Tom Is In The Hot Seat

Discussion in 'Personal Diaries' started by Terry Page, Mar 21, 2016.

  1. Tom Locke

    Tom Locke Very Well-Known Member
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    I'm not sure it was direct advice, more something that I learned from experience. It's certainly something that I used to say to people that I trained in IT.

    Put simply, never be afraid to make a mistake. Everybody makes them and that is how we learn things. But once you've made that mistake, don't keep repeating it. Find a new mistake to make.
     
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  2. Holly Saunders

    Holly Saunders Veteran Member
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    Tom thanks for the replies thus far...it's been very enjoyable to learn more about you...at any point up to now tho', have you regretted volunteering for the Hot Seat ?
     
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  3. Tom Locke

    Tom Locke Very Well-Known Member
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    Ooh, here's one that I missed, so apologies for that.

    To answer the second part first, the death of my parents in the same year, either side of my fifteenth birthday, was obviously hard to take for someone in those awkward teenage years.

    Joy? Quite a few things have given me pleasure. Getting my degree, somewhat later in life than most people do these these, was truly satisfying, likewise getting books published, especially my novel. Less selfishly, seeing people that had never touched a computer in their lives become confident and proficient users pleased me more than I can say, and knowing that I'd played a small part was a source of genuine pleasure.

    Closer to home - and forgive me for turning this into some kind of Hollywood love story - was meeting my partner Catherine. I remember when we first started going out together, a friend of mine said, albeit with good humour, "You're punching above your weight there." That was back in the late 1980s and we're still doing just fine!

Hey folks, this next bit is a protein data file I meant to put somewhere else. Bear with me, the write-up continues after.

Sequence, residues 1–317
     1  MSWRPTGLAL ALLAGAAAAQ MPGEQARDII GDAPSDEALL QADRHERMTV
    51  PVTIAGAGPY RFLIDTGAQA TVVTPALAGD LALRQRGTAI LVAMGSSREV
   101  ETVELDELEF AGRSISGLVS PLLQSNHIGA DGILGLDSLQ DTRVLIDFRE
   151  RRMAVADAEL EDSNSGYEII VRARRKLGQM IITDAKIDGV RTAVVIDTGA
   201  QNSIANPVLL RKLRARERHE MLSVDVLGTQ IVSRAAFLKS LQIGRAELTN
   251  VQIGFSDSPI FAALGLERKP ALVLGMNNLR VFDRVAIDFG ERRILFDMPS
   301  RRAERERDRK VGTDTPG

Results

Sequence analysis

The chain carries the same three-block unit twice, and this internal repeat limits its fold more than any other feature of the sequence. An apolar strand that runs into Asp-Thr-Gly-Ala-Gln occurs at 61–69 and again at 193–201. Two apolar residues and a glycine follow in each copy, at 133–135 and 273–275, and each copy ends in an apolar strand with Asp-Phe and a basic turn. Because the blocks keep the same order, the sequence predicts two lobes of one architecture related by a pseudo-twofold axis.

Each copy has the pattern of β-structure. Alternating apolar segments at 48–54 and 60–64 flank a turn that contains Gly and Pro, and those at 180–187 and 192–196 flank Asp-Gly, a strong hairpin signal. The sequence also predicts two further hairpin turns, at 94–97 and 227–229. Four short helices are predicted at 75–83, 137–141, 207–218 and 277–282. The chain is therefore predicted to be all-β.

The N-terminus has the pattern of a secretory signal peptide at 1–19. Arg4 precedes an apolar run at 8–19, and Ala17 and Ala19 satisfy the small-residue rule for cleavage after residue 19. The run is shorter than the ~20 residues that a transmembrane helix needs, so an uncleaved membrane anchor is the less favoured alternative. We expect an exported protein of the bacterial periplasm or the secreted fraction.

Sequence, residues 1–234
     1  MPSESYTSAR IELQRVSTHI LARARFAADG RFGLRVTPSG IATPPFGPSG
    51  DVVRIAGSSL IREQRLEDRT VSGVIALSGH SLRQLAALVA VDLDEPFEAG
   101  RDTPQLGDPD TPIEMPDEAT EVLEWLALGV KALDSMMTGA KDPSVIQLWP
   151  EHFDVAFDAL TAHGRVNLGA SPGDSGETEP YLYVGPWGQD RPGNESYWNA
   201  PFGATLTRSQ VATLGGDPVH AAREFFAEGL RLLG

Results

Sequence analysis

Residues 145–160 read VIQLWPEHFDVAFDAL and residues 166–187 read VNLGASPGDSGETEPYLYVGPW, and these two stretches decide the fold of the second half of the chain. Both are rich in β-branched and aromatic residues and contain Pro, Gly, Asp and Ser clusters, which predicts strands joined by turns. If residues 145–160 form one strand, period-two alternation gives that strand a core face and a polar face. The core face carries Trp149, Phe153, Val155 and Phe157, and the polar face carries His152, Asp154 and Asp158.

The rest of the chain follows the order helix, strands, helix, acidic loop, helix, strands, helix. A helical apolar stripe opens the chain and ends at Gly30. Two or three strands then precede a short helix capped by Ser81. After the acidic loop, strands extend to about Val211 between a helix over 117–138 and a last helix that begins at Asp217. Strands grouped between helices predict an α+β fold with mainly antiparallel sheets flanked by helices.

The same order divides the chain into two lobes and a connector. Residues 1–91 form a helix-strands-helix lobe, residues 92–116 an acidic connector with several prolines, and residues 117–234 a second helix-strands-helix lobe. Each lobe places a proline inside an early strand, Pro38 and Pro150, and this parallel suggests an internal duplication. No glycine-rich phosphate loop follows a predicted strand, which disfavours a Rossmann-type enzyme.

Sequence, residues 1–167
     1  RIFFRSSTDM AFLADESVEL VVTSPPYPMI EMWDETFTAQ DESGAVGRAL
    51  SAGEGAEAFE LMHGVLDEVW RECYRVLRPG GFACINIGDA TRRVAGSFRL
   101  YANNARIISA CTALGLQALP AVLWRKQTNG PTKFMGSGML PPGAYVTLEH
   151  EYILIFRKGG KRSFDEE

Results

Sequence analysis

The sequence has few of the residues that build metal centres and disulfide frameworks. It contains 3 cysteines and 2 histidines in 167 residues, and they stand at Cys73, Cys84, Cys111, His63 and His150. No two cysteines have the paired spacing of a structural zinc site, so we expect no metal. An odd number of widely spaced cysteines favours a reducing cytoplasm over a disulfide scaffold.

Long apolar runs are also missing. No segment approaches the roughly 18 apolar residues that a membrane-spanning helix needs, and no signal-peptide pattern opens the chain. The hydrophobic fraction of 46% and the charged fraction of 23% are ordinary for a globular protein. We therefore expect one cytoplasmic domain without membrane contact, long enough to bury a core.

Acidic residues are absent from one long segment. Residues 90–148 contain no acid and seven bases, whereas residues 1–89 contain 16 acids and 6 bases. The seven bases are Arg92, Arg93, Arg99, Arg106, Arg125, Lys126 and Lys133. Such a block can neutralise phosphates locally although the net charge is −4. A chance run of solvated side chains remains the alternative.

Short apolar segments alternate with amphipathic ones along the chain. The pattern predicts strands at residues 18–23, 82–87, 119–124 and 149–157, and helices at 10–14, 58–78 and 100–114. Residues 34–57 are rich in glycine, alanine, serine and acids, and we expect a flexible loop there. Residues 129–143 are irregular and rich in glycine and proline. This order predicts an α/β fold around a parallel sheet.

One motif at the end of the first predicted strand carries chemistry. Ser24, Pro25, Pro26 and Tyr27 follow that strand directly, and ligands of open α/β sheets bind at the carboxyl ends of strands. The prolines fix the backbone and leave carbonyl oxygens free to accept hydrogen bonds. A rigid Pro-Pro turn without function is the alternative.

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  4. Tom Locke

    Tom Locke Very Well-Known Member
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    Not really. I live up to a number of Irish stereotypes, such as being unable to stop once you've got me started. As the genius Flann O'Brien wrote, "I hate talking about my bowels in public, but the national interest must be served."
     
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  5. Babs Hunt

    Babs Hunt Veteran Member
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    Thanks for the great answers @Tom Locke. Those answers were worth a little waiting for. :D
     
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  6. Babs Hunt

    Babs Hunt Veteran Member
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    Okay...if you are still open for questions @Tom Locke here's one I love to ask everyone. If you were granted 3 wishes...what would they be? And why?
     
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  7. Mari North

    Mari North Very Well-Known Member
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    Well now... Tom! Looks as if you're going to be in the hot seat for a looooong time, so I'll throw a question of the trade at ya.... Oxford comma or AP? I hate hate HATE AP. It makes me cringe and I'll always be an Oxford girl. @Tom Locke
     
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  8. Tom Locke

    Tom Locke Very Well-Known Member
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    1 No more war
    2 No more poverty
    3 No more hunger

    That's it.
     
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  9. Shirley Martin

    Shirley Martin Veteran Member
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    Tom, what was the most reckless thing you ever did? Was it fun? Would you do it again?
     
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  10. Tom Locke

    Tom Locke Very Well-Known Member
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    @Terry Page - Terry, I want to know what the overtime rates are. Easter's got to be quadruple time, surely?
     
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  11. Tom Locke